I use notebooks for work and personal notes and sketches. I’ve given up on the dream of condensing it all down to a pocket notebook size that is always in my pocket with my phone, so I’ve been using larger-sized notebooks for several months and really liking it.
My perfect notebook would be A5 (or thereabout), have a dot grid, have page numbers, and have paper that is smooth to write on, doesn’t feather, and has no bleed through with heavy ink application (like super wet vintage flexies).
The Leuchtturm1917 comes pretty close to this, but the paper doesn’t quite hold up to ink abuse from fountain pens. The paper in the Clairefontaine books (and others that use their paper like Rhodia, Wuo Vadis, etc.) is a delight to write on, but none of the notebooks are quite meet my other requirements.
For the last year or so I’ve been binding books as an occasional hobby, so I’ve been using that to play around with making my own notebooks. The biggest concern is, of course, the paper that I use for it. I first used Step Forward paper. This paper is absolutely awesome with fountain pens. No feathering; no bleeding; it’s great. After using it for quite awhile though, I decided that the paper had more tooth than I wanted.
So a couple weeks ago I went looking for new paper again an ran across this Clairefontaine DCP This paper bleeds a little bit with super wet ink action but otherwise it is just as wonderful as the paper you’d find in the notebooks.
At some point I’d like to publish a full-on tutorial on how to do this, but for now I thought I’d at least share a list of what I used to created (including the tutorials where I learned book binding).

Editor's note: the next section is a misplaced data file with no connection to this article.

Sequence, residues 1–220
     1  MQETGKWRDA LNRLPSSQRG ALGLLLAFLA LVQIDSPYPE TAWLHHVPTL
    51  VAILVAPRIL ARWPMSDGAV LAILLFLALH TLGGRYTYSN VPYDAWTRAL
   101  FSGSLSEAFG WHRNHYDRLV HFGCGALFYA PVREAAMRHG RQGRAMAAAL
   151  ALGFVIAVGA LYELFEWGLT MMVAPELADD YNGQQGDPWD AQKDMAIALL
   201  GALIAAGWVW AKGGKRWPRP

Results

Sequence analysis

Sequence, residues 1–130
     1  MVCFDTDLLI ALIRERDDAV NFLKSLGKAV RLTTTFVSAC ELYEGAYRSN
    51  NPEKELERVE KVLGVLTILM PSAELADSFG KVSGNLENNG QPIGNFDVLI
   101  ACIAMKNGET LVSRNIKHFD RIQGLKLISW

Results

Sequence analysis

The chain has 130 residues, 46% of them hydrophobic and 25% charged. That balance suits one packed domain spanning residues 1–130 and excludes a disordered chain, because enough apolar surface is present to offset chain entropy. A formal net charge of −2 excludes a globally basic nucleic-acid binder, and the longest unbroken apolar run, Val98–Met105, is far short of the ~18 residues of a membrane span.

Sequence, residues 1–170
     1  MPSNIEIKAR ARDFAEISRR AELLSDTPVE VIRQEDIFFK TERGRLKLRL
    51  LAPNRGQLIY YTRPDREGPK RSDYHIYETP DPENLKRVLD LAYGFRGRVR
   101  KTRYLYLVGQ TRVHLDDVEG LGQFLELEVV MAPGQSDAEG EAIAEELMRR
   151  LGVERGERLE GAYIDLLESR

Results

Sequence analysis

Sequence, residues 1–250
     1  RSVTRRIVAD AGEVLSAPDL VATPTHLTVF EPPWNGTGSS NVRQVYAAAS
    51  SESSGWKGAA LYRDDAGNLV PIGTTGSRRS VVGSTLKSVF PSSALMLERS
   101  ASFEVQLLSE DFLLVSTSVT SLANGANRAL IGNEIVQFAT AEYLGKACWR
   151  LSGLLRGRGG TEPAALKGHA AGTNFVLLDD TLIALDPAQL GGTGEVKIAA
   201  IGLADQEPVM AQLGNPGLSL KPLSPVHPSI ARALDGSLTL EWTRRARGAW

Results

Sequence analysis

Book binding tutorials from Sage Reynolds—This was how I first got into book binding.
Notebook binding tutorial—this is the method I’ve been using lately for sewing the signatures together and binding it.
Clairefontaine DCP paper from Zeller writing company (very happy with their customer service)
The remaining materials all come from the local Hobby Lobby craft store: cover boards (comes in a 20×30 sheet), cover stock (used to wrap around the cover boards), fabric to reinforce the spine, silk ribbon as a marker, 1/4” elastic for the closure strap, 1” elastic for the pen loop, heavier paper for the end papers, sewing needle and heavy thread, and tacky glue.
Layout file for dot-grid and page numbers—This is a PDF download of a layout I created this layout in Adobe InDesign. It’s got a 5.5mm dot grid. (You may need to right-click the link to save the file to your local drive).
The layout file is put together so all you need to do is print it front-to-back (duplex) and fold every four pages. You’ll know you’re doing it right because when you fold it, the inside pages will be facing page numbers (in the first signature, pages 6 & 7 are facing each other. There’s a blank sheet at the beginning and end of the book to attach the end papers to.
I should note that the layout file is intended to be the cover the full A4 sheet of paper. If you fold the signatures in half then you’ll have a full A5 notebook, however the paper edge will be uneven. If this unevenness bothers you, there should be enough of a margin to trim it slightly.